The experience of the Mozambican leadership may be an exception rather than the rule. I am neither suggesting that one-size fits all nor trying to sell you magic and infallible formulae.

What I am suggesting here is that leadership, both as an art and a science, requires the full understanding of the existing objective reality in the cause, the circumstances surrounding it and what are the demands and aspirations of the people. Additionally, it is equally important to select what would be the most appropriate methods of addressing those demands and aspirations of the people. Visionary leadership would assess the objective reality as it relates to national development and adopt appropriate strategies for addressing the challenges facing the nation.

National development

We know that poverty is the single major threat to security, which, in turn, is the precondition for peace that provides the environment for sustainable national development. Therefore, poverty eradication should be at the centre of the policies for social and economic transformation and development.

To this end, leadership must have the requisite capacity to anticipate, or in other words, to read ‘ the minds of the people and address their expectations.

As I said earlier, there are no magic or infallible formulas that will take you to the success. There is a high element of risk and uncertainty involved, but the best way to manage those risks is to be in constant contact with the people, is to be accessible to them. When this happens, people will always have opportunities to share with you their views and sentiments about the prevailing situation, even making suggestions and proposals to correct errors and mistakes.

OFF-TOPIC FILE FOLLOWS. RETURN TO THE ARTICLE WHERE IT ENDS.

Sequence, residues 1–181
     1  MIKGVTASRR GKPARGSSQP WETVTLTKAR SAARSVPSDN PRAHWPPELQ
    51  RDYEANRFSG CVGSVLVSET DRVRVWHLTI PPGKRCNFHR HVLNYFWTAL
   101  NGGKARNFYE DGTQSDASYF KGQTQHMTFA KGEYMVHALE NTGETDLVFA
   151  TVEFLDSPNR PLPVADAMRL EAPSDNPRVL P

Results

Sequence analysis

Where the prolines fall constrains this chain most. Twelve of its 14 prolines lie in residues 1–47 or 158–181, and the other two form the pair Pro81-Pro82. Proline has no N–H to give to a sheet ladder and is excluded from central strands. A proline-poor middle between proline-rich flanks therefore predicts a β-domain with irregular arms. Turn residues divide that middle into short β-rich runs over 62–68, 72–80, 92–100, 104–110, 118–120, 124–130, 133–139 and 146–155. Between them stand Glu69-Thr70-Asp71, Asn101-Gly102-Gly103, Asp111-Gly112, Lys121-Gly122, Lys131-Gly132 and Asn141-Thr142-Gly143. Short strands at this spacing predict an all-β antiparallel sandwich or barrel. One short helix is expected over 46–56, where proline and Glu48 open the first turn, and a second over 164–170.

With these working methods, the leader ensures the participation of the people, the common citizens, in addressing the developmental challenges of the country, thus making room for them to complement the work of the elites and technical experts.

These working methods provide a new dimension of accountability, which is people-centred, but again, in complement with what experts produce.

In this regard, leadership requires organizational structures and systems focusing on addressing the demands and aspirations of the people.

Aspirations of the people

In the current wave of social media, leaders cannot promise and not deliver, for this will, almost certainly invite something like what is now commonly referred to as the Arab Spring. Discontent and popular uprising may be part of leadership’s failure to deliver or lack of participation and respect for human- rights.